Well, this is some nice bedtime reading, SCO's Initial Monthly Operating Report. Here's the notation on PACER:
Filed & Entered: 10/01/2007
Docket Text: Debtor-In-Possession Monthly Operating Report for Filing Period Initial Filed by The SCO Group, Inc.. (Attachments: # (1) Certificate of Service) (Werkheiser, Rachel)
It's signed by Bert Young, still CFO as of October 1. A quick scan shows page 2 is a 12-month cash flow projection, although the footnote indicates it's a work in progress. Progress might not be the perfect word, as the graph isn't pointing up, as I read it.
They have gotten some insurance, I see, including some for errors and omissions liability (copyright infringement going back to June of 2005) and some coverage for executives. The date is September 20, which is 6 days after they filed for bankruptcy. Did they get permission to do that? And why do they owe Maureen O'Gara's G2 another $10,000 in November?
I see the Order they've attached here says they are authorized to continue their prepetition business practices, but did they ever have insurance like that before? Well, it's a prudent investment, no doubt about that. I'm guessing the insurance company doesn't read Groklaw.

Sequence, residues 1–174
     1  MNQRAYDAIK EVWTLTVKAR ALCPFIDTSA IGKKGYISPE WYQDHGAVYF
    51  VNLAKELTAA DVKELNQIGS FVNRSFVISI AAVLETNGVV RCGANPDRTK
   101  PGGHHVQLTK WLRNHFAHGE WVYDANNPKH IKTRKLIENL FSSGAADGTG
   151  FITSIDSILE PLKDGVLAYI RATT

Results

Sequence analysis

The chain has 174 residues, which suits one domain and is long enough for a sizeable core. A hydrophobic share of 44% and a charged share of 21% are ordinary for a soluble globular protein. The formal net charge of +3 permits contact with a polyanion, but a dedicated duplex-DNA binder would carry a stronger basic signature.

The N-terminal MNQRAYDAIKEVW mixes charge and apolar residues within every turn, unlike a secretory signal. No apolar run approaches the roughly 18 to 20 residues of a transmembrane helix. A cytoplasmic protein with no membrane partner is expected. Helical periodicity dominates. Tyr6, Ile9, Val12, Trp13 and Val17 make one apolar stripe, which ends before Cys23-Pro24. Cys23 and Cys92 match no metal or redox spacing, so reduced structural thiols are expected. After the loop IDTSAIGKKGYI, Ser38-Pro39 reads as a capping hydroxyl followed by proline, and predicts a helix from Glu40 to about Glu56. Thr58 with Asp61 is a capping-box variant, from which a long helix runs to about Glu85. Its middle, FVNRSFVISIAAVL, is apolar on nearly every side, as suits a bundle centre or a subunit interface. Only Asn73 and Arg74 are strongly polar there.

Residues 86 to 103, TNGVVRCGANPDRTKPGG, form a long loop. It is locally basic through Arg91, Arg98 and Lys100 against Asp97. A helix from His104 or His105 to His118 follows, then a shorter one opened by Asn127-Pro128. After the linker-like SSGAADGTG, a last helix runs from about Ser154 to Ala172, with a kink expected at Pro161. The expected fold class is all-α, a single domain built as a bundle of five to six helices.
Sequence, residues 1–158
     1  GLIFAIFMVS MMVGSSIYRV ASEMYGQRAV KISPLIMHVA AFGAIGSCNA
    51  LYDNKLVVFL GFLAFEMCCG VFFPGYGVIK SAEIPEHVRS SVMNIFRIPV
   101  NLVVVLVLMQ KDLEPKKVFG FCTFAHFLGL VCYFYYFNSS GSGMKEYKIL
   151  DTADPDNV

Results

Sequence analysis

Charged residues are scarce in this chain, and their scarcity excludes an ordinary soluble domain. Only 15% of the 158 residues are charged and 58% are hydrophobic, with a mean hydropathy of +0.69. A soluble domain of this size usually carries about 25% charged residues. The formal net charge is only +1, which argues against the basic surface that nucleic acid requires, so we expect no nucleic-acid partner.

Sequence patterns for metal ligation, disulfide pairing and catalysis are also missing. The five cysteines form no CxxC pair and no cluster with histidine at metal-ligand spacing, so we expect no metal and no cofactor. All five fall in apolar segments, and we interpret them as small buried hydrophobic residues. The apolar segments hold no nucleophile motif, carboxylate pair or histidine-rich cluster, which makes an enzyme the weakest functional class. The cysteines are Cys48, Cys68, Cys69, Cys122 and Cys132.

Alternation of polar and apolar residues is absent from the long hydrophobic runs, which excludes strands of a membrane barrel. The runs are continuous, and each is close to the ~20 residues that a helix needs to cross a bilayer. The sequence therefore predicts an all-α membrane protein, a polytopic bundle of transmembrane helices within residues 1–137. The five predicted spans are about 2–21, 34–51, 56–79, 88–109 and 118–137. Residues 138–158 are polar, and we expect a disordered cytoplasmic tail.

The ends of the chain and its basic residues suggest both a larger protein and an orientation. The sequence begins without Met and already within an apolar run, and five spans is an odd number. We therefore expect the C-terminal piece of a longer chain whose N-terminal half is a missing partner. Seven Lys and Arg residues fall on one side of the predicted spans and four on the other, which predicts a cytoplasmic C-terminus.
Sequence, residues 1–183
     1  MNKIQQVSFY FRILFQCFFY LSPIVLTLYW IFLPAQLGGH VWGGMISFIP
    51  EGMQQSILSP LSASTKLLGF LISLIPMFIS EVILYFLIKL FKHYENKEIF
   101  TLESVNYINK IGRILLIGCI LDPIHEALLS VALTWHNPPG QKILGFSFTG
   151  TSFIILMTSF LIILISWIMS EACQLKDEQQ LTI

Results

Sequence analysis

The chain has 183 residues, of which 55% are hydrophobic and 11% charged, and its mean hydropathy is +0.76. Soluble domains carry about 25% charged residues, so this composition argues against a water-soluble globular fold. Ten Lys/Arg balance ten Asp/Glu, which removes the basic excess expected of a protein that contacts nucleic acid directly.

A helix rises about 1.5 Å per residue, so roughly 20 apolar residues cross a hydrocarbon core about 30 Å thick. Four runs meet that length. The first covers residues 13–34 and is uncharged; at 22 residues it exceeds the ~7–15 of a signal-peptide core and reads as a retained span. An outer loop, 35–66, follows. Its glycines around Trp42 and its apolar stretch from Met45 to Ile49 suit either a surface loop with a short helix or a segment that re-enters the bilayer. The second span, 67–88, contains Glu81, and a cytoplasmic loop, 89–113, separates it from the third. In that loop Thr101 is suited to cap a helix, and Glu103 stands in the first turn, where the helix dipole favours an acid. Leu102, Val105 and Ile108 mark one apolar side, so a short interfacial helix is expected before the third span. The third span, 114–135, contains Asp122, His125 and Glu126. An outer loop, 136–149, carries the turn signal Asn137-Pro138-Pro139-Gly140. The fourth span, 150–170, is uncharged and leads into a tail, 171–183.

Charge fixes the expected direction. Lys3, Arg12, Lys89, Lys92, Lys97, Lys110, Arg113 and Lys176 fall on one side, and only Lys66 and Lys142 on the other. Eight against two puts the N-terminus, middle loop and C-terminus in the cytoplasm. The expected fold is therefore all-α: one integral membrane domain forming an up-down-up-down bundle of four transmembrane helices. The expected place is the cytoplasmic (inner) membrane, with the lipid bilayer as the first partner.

There are pages of foreign bank accounts, and then we find, on page 33, a list of retainers paid to various law firms and services:
- Berger Silverman - 425,000;
- Dorsey & Whitney - 100,000;
EPIQ - 25,000;
- Mesirow Financial - 35,000; and
- Pachulsky Stang Ziehl and Jones - 75,000.
The lawyers always get their money, don't they? Novell on the other hand never sees a dime. And from Novell's point of view, SCO is using Novell's money to pay the lawyers. Of course, SCO sees visions of appeals and then buckets of moolah pouring down on it from heaven. It's all in your point of view.